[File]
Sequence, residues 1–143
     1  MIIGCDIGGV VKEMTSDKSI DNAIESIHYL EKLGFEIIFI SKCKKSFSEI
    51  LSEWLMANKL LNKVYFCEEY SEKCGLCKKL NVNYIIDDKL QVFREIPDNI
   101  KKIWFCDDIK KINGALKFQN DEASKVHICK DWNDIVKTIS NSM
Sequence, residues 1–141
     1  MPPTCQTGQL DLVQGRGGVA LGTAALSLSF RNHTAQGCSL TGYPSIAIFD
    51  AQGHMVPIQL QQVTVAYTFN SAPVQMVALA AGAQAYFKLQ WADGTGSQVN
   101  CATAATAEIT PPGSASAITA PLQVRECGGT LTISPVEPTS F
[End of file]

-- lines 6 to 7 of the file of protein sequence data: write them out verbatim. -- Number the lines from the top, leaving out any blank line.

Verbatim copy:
     1  MPPTCQTGQL DLVQGRGGVA LGTAALSLSF RNHTAQGCSL TGYPSIAIFD
    51  AQGHMVPIQL QQVTVAYTFN SAPVQMVALA AGAQAYFKLQ WADGTGSQVN